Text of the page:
Experts Describe Challenges of Targeting BRAF Mutations in CRC

Published: Tuesday, Dec 12, 2017
Tanios Bekaii-Saab, MD

Tanios Bekaii-Saab, MD
Tanios Bekaii-Saab, MD, FACP, and Rona D. Yaeger, MD, are involved in research at the cutting edge of colorectal cancer (CRC) treatment, including clinical trials of novel therapeutic strategies for BRAF-mutant disease.

, the doctors discussed the current treatment landscape and other key issues relating to this distinct subset of CRC.

How do CRC tumors with the most common type of BRAF mutations, V600, differ from those without?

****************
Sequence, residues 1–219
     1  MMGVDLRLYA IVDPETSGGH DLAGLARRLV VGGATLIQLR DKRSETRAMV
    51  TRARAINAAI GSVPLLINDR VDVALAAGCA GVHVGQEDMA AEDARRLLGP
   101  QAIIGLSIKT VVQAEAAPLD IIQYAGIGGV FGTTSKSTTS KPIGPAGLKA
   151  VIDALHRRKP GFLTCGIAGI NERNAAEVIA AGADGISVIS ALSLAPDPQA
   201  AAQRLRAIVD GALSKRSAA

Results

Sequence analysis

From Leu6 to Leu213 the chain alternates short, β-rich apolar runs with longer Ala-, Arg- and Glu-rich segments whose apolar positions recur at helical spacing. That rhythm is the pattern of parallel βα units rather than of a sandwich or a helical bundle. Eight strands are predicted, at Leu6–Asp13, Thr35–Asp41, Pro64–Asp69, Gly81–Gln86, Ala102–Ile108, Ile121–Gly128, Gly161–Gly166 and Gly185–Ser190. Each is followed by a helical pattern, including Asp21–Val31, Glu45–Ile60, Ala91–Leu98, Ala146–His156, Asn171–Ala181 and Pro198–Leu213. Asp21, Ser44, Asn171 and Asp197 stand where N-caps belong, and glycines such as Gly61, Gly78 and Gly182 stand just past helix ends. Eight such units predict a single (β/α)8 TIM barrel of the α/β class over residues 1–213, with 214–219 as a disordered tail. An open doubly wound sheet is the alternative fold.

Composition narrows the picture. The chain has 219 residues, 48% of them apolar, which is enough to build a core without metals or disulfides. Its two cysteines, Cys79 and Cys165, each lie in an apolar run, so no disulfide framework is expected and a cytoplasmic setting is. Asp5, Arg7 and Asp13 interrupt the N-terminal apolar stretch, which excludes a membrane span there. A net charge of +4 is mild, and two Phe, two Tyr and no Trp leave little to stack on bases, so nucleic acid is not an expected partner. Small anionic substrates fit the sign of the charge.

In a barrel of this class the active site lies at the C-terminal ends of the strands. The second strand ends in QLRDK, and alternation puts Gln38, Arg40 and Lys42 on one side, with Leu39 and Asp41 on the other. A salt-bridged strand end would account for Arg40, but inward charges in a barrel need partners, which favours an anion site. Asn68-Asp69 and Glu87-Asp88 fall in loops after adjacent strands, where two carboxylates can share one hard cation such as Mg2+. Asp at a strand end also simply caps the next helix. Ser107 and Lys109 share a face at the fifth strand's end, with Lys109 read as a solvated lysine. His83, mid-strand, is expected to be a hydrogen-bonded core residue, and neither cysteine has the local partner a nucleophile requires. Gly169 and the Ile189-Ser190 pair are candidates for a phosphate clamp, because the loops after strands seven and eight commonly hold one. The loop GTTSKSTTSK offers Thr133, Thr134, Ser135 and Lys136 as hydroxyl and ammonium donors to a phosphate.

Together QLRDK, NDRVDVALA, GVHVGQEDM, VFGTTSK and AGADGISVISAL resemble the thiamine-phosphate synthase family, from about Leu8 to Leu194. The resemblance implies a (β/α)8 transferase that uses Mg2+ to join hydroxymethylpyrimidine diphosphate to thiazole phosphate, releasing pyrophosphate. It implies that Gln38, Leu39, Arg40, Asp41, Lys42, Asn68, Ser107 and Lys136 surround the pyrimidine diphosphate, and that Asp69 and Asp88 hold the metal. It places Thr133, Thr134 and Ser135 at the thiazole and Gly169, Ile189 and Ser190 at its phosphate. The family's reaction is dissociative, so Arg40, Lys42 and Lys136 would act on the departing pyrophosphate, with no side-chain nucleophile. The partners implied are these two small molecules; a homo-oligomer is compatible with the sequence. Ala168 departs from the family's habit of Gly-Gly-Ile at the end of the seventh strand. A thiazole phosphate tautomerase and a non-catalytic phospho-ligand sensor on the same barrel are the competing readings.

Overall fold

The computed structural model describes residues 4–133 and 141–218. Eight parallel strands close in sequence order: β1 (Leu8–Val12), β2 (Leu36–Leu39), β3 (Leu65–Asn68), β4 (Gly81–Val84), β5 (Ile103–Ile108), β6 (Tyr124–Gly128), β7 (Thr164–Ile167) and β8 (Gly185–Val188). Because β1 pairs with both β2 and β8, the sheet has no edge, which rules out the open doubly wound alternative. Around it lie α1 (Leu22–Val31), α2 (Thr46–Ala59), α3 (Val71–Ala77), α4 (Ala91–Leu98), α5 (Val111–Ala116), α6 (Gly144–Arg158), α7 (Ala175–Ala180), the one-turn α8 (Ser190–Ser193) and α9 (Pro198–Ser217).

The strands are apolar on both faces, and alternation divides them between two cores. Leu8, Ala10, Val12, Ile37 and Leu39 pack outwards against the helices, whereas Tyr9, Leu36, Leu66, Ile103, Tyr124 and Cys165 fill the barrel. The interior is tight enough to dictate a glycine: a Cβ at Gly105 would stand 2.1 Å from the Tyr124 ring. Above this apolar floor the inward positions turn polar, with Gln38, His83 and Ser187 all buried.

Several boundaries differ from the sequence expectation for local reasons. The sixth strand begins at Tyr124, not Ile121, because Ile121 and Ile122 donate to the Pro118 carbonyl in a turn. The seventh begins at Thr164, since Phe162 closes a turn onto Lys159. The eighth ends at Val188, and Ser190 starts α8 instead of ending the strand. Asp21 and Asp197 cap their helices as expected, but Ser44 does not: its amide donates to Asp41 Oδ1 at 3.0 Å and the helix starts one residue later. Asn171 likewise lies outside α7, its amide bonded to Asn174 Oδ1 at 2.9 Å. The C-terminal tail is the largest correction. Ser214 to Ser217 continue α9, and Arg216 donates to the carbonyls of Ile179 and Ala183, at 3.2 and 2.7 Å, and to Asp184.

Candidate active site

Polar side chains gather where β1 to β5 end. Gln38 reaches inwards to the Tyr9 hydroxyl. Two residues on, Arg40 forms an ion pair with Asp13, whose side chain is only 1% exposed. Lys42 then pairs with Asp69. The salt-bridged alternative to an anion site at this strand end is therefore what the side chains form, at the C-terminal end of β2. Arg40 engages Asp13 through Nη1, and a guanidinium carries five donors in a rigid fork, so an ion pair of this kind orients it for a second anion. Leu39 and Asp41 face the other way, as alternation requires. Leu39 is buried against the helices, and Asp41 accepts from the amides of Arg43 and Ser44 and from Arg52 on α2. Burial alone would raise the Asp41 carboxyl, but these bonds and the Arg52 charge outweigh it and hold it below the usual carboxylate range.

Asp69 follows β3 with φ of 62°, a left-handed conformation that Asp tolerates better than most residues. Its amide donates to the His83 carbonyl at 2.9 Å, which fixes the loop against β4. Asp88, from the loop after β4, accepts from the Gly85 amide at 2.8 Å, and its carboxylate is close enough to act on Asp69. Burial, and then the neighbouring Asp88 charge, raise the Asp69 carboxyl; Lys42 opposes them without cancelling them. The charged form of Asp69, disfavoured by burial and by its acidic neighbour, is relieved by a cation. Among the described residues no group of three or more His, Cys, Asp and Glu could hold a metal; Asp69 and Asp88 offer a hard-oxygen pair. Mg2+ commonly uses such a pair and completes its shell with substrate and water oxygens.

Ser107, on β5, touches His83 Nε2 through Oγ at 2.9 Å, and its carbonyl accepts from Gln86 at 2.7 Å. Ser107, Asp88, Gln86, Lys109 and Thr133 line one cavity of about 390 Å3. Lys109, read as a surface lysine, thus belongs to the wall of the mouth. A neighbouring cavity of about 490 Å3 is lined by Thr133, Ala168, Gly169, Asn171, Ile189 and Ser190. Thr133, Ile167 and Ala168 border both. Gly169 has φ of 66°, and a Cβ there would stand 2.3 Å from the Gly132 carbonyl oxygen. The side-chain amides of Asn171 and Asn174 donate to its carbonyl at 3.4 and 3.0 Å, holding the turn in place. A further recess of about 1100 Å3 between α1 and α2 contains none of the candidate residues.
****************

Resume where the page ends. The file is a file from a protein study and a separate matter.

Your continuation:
Bekaii-Saab: These tumors tend to be more aggressive with a high propensity for diffuse metastasis including a high proportion of peritoneal involvement. They tend to respond poorly to doublet chemotherapy with or without bevacizumab.

Microsatellite instability in BRAF V600E CRCs is associated with advanced age, female gender, proximal primary tumor site, and poor tumor differentiation.

What about other types of BRAF mutations? How might these transform clinical practice?

Bekaii-Saab: Interestingly, compared with the V600E mutations, the BRAF non-V600E mutations are associated with a very good prognosis and a much better outcome overall. A recent study published in the Journal of Clinical Oncology confirmed these findings.1
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